Whether you’re early in your career or still considering if risk management is the right field for you, it’s important to monitor industry trends to make sure your skills and experience line up with what hiring firms are seeking.
The need for effective financial risk management has, of course, been reinforced by the COVID-19 pandemic, but as financial institutions push through the lingering challenges of this crisis – and think about what a return to “normal” might look like – what are the risk types that are likely to be in the most demand?
Robert Iommazzo, Managing Partner of the Finance and Risk Practice at SEBA Executive Search, foresees “tremendous needs across financial risk disciplines” in 2022. As an executive on the front lines of placing risk managers in new positions, Iommazzo projects a particular clamor for people with skills and experience in the operational, ESG, technology, cyber, credit and market sectors.
Where is the Demand for Risk Managers?
During the initial stages of the pandemic, in early 2020, there was an uptick in demand for core financial risk managers, like credit and market risk professionals. Iommazzo says credit analysts and quants will continue to be recruited by banks and asset managers in 2022, but that we’re also likely to see greater demand for non-financial risk managers in areas like ESG, operational risk and information-technology risk. The recent surge in cybercrime, he elaborates, has also led to an increased demand for cyber risk professionals.
There are bound to be even more jobs for IT-savvy risk practitioners as disruptive technologies like artificial intelligence and machine learning further evolve, but Iommazzo expresses some doubt about one oft-mentioned growth sector for FRMs: financial technology (fintech) companies. Some fintechs, he says, serve a niche by lending directly to customers with low or no credit scores – a practice that traditional banks largely abandoned in the aftermath of theglobal financial crisisand its accompanying regulatory and capital constraints.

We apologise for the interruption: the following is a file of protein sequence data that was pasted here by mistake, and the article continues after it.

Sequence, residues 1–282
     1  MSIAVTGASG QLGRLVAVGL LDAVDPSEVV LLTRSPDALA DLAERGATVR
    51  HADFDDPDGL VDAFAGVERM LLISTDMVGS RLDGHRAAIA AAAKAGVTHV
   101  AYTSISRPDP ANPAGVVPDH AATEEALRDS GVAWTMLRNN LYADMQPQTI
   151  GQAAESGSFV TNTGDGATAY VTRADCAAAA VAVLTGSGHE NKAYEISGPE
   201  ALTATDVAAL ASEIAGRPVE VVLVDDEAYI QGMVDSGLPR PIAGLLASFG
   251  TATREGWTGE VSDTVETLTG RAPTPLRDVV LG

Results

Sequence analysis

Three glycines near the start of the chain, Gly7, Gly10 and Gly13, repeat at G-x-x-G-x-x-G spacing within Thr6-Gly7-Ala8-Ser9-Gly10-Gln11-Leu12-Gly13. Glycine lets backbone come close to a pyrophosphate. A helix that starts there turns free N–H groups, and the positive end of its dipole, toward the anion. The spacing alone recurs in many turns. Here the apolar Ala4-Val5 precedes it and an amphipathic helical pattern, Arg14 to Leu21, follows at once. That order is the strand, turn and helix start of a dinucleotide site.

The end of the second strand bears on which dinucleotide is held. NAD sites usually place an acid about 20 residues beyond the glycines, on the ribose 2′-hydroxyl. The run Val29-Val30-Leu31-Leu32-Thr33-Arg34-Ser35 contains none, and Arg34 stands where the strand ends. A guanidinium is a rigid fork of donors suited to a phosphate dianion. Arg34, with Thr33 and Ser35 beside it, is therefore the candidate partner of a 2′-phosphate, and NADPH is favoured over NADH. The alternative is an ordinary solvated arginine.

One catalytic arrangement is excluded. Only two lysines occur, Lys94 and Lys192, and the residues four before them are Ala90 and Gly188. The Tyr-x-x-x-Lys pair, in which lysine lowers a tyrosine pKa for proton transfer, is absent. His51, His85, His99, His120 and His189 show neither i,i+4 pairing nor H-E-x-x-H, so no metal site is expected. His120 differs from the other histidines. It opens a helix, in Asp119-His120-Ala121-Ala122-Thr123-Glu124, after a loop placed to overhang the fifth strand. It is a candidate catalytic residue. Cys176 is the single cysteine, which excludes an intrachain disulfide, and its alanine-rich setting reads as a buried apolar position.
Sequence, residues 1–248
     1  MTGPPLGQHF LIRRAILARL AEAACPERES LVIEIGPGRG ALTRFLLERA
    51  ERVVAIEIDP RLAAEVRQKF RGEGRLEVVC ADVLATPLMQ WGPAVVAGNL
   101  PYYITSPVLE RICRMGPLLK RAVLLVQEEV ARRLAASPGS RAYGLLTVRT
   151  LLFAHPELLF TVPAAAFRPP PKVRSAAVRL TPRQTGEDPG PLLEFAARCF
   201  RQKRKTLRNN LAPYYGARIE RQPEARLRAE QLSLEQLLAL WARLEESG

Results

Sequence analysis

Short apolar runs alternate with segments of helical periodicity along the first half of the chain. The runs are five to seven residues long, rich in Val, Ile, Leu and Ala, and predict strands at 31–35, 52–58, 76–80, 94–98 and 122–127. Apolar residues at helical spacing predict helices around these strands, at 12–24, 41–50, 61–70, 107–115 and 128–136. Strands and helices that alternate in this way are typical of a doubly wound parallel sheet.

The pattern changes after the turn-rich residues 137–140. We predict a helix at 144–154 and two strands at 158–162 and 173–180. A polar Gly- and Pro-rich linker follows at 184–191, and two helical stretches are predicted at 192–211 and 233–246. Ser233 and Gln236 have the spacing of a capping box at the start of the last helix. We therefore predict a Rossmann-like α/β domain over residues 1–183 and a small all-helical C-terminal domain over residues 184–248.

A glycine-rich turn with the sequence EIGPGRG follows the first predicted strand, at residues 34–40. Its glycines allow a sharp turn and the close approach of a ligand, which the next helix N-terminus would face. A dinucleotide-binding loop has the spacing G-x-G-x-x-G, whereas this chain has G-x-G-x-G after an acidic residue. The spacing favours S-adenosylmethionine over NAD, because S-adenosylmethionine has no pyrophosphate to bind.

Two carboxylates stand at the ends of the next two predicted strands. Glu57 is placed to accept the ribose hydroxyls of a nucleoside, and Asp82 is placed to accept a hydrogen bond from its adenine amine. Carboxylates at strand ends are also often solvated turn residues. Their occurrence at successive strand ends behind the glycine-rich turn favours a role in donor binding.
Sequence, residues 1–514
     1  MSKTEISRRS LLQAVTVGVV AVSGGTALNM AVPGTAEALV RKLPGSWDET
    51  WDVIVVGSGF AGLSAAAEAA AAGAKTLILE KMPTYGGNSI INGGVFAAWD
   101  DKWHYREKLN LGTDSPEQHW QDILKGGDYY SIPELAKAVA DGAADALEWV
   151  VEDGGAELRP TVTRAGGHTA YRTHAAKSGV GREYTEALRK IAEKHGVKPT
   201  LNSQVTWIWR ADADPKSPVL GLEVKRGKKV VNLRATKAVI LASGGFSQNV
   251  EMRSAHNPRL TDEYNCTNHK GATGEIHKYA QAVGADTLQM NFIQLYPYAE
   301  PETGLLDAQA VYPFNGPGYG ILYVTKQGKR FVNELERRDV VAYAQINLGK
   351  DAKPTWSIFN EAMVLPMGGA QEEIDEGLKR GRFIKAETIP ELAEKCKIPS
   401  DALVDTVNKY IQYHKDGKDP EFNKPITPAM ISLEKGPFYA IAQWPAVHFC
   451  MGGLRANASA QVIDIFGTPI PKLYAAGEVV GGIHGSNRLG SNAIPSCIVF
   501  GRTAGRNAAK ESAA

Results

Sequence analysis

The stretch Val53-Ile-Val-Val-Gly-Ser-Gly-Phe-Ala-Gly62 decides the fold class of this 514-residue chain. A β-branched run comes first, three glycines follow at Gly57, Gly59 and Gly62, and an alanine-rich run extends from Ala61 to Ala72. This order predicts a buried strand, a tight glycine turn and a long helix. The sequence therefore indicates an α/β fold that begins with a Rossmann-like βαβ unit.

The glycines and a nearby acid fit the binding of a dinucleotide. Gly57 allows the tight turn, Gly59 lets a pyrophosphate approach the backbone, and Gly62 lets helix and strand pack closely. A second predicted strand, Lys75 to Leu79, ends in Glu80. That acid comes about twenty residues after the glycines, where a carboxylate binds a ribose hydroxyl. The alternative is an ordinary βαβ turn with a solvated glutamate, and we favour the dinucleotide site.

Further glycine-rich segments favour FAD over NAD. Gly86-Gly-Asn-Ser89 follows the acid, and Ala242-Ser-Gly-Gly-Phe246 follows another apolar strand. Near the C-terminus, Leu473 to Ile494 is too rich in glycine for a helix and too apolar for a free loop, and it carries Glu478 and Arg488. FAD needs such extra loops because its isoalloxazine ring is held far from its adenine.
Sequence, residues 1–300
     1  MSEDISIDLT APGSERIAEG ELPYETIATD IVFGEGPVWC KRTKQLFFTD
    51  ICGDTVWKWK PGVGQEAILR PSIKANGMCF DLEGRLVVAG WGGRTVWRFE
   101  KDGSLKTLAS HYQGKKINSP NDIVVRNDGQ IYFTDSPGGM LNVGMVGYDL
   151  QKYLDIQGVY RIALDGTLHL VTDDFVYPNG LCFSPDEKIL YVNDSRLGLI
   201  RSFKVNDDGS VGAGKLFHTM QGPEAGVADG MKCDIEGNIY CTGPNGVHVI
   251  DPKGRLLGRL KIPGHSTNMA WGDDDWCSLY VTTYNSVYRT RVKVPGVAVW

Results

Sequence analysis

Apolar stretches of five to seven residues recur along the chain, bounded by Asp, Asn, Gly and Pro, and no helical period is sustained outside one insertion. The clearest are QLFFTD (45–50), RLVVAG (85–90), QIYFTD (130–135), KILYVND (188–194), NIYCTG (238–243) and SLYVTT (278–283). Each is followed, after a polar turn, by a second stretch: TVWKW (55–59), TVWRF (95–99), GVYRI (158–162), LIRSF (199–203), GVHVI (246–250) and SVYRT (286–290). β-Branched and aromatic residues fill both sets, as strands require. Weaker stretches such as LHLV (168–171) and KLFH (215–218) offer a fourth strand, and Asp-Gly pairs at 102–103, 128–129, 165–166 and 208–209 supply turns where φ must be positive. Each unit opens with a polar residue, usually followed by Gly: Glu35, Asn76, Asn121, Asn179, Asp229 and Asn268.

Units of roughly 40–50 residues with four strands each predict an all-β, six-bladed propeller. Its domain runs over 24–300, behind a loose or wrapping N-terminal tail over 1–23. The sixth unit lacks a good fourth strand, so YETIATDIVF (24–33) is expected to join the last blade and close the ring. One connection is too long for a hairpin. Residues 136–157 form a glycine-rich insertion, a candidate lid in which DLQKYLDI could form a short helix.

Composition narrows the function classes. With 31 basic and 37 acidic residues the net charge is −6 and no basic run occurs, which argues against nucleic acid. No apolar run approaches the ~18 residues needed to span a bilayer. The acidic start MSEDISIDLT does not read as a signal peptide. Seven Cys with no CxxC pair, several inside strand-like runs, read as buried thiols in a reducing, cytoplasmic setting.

However, says Iommazzo, most fintechs today lack the balance sheets and/or global footprint to compete with major banks, and it’s therefore likely that we’ll see even more partnerships between traditional banks and fintechs. While asserting that innovative fintechs will continue to disrupt the financial landscape (supplementing, rather than completely replacing, banks), Iommazzo does not expect them to go on a hiring spree for risk managers. “They need people who understand credit, but also customer acquisition,” he says.
Consequently, unlike those who anticipate a big shift in employment from banks to fintechs, Iomazzo sees commercial banks remaining a major destination for risk managers well into the future. Supporting this view is JPMorgan Chase’srecent decisionto ramp up spending on technology and people to solidify its competitive position against the fintech threat.
Regulatory risk is another area that job hunters should monitor. The demand for regulatory risk professionals, says Iommazzo, tends to “ebb and flow.” For example, he says that in the wake of the global financial crisis, there was a huge need for risk practitioners with stress testing knowledge – particularly those familiar with the Fed’sComprehensive Capital Analysis and Reviewexercise.
In 2022, the more changes we see to existing financial rules (including financial crime regulation), the greater the need will be for regulatory risk experts.
Advice for Risk Managers
Iommazzo stresses the importance of developing relationships with other functions within the business to maximize your value and to avoid getting siloed within your specialty. “I can’t emphasize this enough: it’s key to work with the first line to get product experience, operational experience, and financial experience,” he advises, while also encouraging risk managers to build their professional networks to stay on top of industry best practices.
Part of a risk manager’s job is to explain complex issues to their colleagues in understandable terms, so strong communications skills are crucial - both for aspiring FRMS and for risk professionals looking to advance their careers. “The ability to communicate these risks and partner with all of the different business lines sets you up for success as a risk manager,” Iommazzo counsels.
Tod Ginnis is a content specialist at GARP. He is the author of a GARP blog that is aimed at early-career risk managers and professionals aspiring to earn their Financial Risk Manager (FRM) certification.